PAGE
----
The Fatimid Empire

Michael Brett

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A complete history of the Fatimids, showing the significance of the empire to Islam and the wider world

The Fatimid empire in North Africa, Egypt and Syria was at the centre of the political and religious history of the Islamic world in the Middle Ages, from the breakdown of the ‘Abbasid empire in the tenth century, to the invasions of the Seljuqs in the eleventh and the Crusaders in the twelfth, leading up to its extinction by Saladin. As Imam and Caliph, the Fatimid sovereign claimed to inherit the religious and political authority of the Prophet, a claim which inspired the conquest of North Africa and Egypt and a following of believers as far away as India. The reaction this provoked was crucial to the political and religious evolution of mediaeval Islam. This book combines the separate histories of Isma'ilism, North Africa and Egypt with that of the dynasty into a coherent account. It then relates this account to the wider history of Islam to provide a narrative that establishes the historical significance of the empire.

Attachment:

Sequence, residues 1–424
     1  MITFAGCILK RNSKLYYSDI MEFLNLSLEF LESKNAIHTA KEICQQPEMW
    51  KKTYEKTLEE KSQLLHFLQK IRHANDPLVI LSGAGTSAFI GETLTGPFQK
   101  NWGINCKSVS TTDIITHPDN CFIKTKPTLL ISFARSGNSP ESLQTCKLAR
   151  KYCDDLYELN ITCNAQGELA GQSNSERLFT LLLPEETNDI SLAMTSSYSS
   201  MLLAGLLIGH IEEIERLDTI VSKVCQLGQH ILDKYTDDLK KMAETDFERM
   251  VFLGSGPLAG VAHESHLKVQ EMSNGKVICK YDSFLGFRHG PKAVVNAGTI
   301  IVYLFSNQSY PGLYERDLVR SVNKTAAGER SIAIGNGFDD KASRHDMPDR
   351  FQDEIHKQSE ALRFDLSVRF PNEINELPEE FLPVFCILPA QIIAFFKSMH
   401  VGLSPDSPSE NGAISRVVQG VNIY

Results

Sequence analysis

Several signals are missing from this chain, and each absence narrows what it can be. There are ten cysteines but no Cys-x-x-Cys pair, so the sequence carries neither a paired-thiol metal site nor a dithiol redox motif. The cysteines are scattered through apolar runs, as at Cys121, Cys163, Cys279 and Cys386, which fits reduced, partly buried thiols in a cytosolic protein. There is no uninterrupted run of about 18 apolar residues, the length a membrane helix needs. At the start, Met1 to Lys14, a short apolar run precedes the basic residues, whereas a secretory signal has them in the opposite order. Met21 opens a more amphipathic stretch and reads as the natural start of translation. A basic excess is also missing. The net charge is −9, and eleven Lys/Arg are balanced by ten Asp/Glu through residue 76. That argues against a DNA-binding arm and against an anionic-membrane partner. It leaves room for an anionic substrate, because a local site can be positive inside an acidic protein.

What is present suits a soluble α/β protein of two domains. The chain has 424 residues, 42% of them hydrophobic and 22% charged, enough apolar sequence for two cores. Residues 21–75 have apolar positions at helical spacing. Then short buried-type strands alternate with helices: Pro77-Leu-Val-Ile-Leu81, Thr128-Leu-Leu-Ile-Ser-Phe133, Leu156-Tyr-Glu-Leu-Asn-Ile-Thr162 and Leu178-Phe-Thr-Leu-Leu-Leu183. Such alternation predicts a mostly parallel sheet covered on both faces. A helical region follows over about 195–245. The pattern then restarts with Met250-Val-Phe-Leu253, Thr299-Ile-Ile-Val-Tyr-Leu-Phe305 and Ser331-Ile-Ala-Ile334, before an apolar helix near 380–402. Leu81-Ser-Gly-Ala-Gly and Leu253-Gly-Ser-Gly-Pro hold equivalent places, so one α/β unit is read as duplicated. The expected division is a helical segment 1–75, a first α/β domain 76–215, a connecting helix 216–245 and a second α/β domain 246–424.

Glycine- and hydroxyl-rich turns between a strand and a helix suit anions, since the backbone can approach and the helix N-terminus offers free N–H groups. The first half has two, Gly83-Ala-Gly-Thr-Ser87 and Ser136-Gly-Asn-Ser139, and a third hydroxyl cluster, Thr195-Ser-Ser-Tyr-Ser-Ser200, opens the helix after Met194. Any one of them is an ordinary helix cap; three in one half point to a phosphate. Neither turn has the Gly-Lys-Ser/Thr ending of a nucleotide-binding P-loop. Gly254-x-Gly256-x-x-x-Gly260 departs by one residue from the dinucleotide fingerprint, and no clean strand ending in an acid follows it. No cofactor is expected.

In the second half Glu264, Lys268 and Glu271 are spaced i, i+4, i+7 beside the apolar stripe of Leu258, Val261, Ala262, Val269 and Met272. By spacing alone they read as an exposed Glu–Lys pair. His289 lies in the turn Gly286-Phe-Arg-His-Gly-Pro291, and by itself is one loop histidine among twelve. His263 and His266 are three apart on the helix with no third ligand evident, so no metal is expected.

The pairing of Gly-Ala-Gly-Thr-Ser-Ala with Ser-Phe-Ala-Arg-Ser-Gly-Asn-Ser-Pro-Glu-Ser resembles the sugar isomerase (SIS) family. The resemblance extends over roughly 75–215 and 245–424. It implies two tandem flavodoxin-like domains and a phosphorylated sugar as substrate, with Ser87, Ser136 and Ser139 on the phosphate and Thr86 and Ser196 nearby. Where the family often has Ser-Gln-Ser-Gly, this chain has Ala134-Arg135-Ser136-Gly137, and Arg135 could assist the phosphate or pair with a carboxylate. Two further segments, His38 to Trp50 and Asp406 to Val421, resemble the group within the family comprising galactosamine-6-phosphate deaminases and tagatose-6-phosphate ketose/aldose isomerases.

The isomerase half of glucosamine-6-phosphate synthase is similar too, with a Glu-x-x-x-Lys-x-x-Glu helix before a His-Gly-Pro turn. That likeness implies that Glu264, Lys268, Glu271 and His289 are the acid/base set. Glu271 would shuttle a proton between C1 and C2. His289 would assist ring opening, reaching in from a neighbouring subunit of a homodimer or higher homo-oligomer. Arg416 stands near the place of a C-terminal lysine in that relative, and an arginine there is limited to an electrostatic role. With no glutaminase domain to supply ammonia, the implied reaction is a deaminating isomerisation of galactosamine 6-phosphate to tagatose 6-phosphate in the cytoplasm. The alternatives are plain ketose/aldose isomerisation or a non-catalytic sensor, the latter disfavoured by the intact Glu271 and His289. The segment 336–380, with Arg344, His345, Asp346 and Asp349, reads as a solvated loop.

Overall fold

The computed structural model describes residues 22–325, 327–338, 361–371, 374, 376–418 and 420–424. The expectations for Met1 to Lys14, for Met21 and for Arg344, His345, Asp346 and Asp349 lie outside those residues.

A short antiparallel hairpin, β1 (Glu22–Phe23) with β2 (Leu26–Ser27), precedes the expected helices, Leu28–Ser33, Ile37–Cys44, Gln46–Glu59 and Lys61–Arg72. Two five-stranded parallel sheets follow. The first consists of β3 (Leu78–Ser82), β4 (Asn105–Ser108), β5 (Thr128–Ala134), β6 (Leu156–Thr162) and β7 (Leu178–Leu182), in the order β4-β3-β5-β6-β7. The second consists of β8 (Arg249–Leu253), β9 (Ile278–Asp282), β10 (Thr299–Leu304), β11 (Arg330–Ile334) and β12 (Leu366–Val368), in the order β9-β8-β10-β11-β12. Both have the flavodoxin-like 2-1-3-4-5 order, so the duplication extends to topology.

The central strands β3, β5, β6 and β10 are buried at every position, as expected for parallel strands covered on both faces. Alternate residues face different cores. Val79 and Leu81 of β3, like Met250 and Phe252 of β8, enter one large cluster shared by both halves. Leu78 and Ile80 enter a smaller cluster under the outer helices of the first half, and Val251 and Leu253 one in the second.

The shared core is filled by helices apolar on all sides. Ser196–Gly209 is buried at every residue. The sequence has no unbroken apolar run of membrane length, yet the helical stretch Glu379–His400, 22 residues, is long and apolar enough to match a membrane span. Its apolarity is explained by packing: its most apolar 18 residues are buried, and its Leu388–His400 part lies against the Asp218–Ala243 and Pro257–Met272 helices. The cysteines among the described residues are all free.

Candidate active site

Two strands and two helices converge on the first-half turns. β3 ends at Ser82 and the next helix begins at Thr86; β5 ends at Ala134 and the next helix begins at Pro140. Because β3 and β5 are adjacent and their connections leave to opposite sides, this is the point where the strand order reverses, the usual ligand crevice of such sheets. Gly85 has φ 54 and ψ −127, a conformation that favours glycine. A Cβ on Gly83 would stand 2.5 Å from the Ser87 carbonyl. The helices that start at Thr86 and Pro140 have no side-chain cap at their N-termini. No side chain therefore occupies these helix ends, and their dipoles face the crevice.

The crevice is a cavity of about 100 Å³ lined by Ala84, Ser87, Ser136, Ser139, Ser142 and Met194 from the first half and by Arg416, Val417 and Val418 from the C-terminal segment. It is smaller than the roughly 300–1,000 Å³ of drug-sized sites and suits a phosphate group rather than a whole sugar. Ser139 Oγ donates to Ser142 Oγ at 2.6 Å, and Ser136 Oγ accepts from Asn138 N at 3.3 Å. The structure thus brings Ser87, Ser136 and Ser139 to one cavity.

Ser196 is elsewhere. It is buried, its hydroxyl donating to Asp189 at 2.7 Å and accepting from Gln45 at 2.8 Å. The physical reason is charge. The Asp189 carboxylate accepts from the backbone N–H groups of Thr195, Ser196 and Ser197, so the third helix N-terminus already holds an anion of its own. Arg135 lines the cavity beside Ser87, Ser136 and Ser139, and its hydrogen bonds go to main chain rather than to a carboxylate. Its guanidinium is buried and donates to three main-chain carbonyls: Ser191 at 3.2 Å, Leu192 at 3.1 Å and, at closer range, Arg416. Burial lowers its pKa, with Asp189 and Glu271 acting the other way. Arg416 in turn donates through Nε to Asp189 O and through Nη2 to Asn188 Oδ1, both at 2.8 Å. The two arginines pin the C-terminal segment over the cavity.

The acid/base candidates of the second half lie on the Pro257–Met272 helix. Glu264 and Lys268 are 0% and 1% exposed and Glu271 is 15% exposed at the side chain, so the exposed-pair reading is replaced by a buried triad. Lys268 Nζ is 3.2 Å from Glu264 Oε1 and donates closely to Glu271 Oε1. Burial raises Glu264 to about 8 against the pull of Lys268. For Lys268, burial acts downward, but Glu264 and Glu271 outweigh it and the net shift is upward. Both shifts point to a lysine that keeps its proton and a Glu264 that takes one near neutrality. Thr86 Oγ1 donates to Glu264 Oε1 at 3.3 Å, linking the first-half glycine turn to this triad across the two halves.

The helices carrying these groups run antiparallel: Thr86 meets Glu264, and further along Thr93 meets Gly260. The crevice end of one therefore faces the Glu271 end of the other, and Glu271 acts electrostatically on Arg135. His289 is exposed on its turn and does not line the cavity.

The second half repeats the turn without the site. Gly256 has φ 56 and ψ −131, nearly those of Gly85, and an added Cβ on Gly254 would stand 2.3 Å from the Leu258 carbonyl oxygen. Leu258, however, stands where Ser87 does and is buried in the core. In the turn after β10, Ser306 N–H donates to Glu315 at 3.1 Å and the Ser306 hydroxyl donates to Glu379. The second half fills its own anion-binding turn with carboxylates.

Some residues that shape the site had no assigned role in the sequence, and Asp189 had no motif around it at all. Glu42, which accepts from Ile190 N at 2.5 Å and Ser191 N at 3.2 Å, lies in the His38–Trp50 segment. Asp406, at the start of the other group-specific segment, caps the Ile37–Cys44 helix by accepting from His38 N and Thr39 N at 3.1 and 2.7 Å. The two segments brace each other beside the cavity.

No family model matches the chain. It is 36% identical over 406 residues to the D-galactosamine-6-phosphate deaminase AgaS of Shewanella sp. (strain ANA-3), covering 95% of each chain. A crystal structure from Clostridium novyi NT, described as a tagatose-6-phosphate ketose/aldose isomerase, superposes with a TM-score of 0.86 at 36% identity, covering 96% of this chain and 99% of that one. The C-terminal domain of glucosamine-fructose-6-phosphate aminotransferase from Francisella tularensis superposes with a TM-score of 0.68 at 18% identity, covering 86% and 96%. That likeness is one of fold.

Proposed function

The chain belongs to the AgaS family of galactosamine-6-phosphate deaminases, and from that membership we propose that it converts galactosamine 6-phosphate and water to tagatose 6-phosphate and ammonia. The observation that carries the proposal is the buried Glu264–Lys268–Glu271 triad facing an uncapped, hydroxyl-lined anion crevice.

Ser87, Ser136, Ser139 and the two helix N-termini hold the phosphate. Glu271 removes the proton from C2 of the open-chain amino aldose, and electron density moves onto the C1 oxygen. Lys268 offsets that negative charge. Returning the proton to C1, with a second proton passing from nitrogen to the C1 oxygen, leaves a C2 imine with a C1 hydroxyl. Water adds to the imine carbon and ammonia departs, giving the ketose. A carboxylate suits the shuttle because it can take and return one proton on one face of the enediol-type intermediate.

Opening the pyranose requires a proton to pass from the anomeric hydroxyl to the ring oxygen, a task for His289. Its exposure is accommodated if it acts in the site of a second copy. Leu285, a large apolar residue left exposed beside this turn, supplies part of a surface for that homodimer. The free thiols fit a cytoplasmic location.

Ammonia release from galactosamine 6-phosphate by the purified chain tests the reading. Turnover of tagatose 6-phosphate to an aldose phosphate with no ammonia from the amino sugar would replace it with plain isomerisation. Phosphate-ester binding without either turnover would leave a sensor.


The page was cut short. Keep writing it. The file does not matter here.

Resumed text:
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List of Box TextsList of IllustrationsList of MapsIntroduction: The Question of EmpireChapter 1: The Coming of the MahdīChapter 2: The City of the MahdīChapter 3: The Conquest of EgyptChapter 4: The Constitution of the StateChapter 5: The Formation of the EmpireChapter 6: A Failure of Direction: The Reign of al-Óākim bi Amr AllāhChapter 7: The Regime of the PenChapter 8: The Crisis of the EmpireChapter 9: The Fatimid RenascenceChapter 10: The Reorientation of the DynastyChapter 11: The Final FailureConclusion: The Fatamids in RetrospectGenealogy of Shiʾite ImāmsGenealogy of FatimidsBibliographyIndex

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Michael Brett is Emeritus Reader in the History of North Africa at SOAS. His publications include The Moors: Islam in the West, 1980; (with L. Fentress) The Berbers (1996, with E. Fentress); Ibn Khaldun and the Medieval Maghrib, 1999; The Rise of the Fatimids, 2001; and Approaching African History, 2013, with contributions to the Cambridge History of Africa, the New Cambridge Medieval History, and The New Cambridge History of Islam.

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